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Read This First

Part 1:

Part 2:
Secrets of the Married Soul

   Chapter 1:
Why Be Married?

Chapter 2:
True Love

Chapter 3:
Do You Love Chocolate?

Part 3:
Secrets of Garments of the Soul


The Second Ladder Up
Secret Steps to a Happy Jewish Marriage

Part 2:
Secrets of the Married Soul

Chapter 1:
Why Be Married?

R. L. Kremnizer

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  Perspective VChapter 2:
True Love

Armed with the first five perspectives but prior to our turning our attention to the various particular steps to finding fulfillment in marriage, a question must be answered. The question is an obvious one. Why be married? Interviewing subjects will disclose a variety of differing answers disclosing a fairly consistent pattern of reasons. Some of the more common and repeated reasons given by people are:

  1. To have children

  2. To have a good friend

  3. To have caring support in old age

  4. To have a regular source of satisfying intimacy

  5. To share expenses

  6. To own a cook/house keeper/home maintainer/ oney provider.

The reality of life in today's secular society is that not one of the reasons given above actually necessitates marriage. People are quite happy to have children out of wedlock, to live with a person of the opposite gender and be good friends; to have one or more regular sources of satisfying intimacy without marriage, often realizing in these partners shared expenses or a dominion over a cook/home maintainer/money provider. Indeed the media fields endless discussion on the pros and cons of achieving the above in or out of marriage, usually judging in sage wisdom that marriage may no longer be necessary for the modern sophisticate. Why should a man be held back from professional fulfillment by commitment to a woman? Can a woman juggle profession and children by access to professional child minding, so obviating the need for a life partner?

So why then be married?

The answer for a Jew is simple.

It is a Mitzvah (command by G-d) to be married .It is a Mitzvah to be fruitful and multiply, to give birth to children in marriage. Like all other Mitzvahs there may be reasons but the reasons are always secondary. The first and foremost reason we perform a Mitzvah is because we are so commanded.[6]

Not always understood by non-observant Jews, is the truth that the keeping of Mitzvahs is in fact a bonding process with G-d. As an example[7] of this imagine a teacher appointing Yanky to clean the blackboard as a special prize for being good. Yanky is delighted to have been chosen and feels privileged to do the job. The job is important from Yanky's perspective but more important to him is that he has been favored and privileged with the appointment with the teacher. Furthermore by being so chosen the boy has a special bond with the teacher during the recital of the task which the other children in the class do not share for the time being. The example demonstrates the obvious; Am Yisroel have been chosen from amongst all nations to be a people privileged to perform a specific mission in this world by introducing G-dliness into physicality. The task is to make a dwelling place for G-d in the lowest of all worlds, the physical world. This mission is achieved through Jews learning Torah and performing Mitzvahs so elevating the world.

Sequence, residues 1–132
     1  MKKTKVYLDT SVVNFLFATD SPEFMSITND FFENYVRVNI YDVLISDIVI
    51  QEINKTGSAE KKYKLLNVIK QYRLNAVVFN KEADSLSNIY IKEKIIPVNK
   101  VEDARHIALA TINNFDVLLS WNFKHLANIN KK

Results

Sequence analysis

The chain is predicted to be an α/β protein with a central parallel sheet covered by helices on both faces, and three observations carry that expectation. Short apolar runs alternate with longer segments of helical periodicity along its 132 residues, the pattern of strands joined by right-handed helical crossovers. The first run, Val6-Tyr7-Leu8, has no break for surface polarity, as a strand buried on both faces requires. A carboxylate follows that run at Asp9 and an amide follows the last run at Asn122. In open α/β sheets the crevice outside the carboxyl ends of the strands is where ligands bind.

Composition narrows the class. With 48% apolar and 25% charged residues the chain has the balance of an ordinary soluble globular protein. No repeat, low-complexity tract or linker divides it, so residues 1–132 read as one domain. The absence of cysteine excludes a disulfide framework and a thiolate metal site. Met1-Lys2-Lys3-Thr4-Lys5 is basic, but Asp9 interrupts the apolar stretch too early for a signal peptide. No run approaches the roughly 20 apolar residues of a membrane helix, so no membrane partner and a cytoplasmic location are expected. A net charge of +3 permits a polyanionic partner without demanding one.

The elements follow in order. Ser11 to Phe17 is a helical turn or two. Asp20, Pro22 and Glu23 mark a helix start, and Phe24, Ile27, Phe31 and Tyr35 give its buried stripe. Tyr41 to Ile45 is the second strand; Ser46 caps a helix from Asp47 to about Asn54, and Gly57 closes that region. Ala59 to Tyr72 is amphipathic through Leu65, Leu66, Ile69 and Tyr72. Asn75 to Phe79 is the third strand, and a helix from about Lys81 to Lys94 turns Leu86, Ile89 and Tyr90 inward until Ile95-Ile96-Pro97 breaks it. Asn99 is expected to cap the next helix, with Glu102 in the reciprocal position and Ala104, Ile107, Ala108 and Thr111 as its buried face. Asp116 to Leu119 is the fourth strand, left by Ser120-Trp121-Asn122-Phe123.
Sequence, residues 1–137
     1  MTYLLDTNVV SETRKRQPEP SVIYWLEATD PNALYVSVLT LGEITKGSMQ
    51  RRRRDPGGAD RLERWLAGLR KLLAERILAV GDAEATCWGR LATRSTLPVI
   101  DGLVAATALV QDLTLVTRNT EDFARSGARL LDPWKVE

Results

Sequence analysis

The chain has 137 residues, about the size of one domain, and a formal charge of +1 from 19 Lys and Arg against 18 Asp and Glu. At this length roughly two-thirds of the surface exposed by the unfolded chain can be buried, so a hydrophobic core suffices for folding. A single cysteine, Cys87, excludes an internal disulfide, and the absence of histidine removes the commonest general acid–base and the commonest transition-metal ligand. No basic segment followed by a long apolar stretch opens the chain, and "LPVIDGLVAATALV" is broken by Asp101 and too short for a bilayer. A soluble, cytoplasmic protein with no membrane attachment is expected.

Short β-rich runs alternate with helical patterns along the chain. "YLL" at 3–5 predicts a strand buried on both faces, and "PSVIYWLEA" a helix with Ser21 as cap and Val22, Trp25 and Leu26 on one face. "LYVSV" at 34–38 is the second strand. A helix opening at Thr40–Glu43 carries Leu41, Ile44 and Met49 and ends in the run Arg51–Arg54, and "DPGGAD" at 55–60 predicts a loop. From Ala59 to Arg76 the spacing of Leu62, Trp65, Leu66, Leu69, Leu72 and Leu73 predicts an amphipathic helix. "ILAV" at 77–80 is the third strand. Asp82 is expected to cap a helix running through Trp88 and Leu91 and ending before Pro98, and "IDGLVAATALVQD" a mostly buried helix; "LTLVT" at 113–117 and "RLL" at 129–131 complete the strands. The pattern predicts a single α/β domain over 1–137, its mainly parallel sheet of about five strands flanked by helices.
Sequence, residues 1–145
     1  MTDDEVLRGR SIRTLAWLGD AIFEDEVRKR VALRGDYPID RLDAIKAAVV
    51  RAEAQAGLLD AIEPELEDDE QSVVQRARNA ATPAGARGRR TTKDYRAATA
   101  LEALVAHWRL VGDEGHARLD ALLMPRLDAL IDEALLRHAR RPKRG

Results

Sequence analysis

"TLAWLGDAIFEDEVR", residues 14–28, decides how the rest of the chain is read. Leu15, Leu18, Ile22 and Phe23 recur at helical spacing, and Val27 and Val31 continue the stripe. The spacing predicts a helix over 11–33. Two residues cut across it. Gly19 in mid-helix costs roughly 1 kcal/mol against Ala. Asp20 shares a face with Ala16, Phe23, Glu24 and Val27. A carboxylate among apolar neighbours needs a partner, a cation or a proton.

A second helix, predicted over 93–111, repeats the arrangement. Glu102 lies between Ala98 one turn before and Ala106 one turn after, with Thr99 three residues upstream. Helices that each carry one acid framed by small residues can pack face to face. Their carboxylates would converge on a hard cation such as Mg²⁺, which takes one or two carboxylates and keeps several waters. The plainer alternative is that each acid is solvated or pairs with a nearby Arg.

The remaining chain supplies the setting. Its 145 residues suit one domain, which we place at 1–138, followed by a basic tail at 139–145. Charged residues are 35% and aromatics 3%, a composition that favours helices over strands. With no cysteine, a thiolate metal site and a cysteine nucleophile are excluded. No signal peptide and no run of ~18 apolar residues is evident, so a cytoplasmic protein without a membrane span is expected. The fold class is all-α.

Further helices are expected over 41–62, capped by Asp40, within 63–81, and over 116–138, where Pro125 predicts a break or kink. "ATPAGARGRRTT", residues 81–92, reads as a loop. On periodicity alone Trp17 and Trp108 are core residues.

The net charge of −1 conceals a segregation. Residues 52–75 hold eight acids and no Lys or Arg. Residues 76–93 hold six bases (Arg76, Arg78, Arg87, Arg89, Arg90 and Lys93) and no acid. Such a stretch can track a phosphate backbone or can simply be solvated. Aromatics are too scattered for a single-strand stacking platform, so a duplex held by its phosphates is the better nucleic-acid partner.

Some Mitzvahs make sense (e.g.: not to murder, not to steal). Some Mitzvahs make no sense whatsoever (e.g.: Kashrus, shatnes). The point of performing a Mitzvah is that we are commanded to do so. Reasons come later, if at all. The aim is to obey G-d's commands. In obeying these commands interdependence is forged, a connection to G-d established. We "touch" G-d's will by carrying out His will.

So why be married? Because marriage is a Mitzvah.

All Mitzvahs have a body and a soul. The body of the Mitzvah is the action; the soul is the mindset of the person performing the Mitzvah. The Mitzvah of tefillin for example is the action of donning the tefillin, the mitzvah of shabbos candles is the action of lighting the candles, the Mitzvah of mezuzah is the affixing of the scrolls on the doorposts. But although by performing the action the duty has been discharged, the action remains a body without a soul. The soul of tefillin, shabbos candles and mezuzah is the intention and focus of the person when performing the various commands.

The Mitzvah of marriage also has a body and a soul. The body is the marriage, the being married, the birthing of children. The soul of marriage is the mind set, the focus of the partners to the marriage.

The mind set, the focus, necessitates the perspectives we have learned. It is helpful for the partners to know and remember that they are each the completing half of the other's soul offered to each other by Divine guidance. (Perspective I) It is deeply important to be aware that everything G-d does is for the best ; that every descent is a precious opportunity for ascent, diamonds not stones. (Perspective II) It is vital to try to bring to the marriage a focus of Yisroel and not function merely as Yaakov. (Perspective IIII) It is significant to the marriage to measure long term perspectives against short term benefits (Perspective IV). Finally, there needs to be a realization that the environment of the marriage needs the dominion over emotions rather than the enslavement by them. (Perspective V)

With these five perspectives the body of the Mitzvah of marriage is enlivened with a throbbing and palpable soul. The general overview of the marriage is then not only the due performance of a command, but a state of happy and purposeful G-d serving being. The specific methods of achieving this we will learn together in the following chapters.



  1. (Back to text) Sefer HaMaamarim Meluket, Vol. II, p. 55ff.

  2. (Back to text) HaYom Yom, entry 8 Cheshvan.

  Perspective VChapter 2:
True Love
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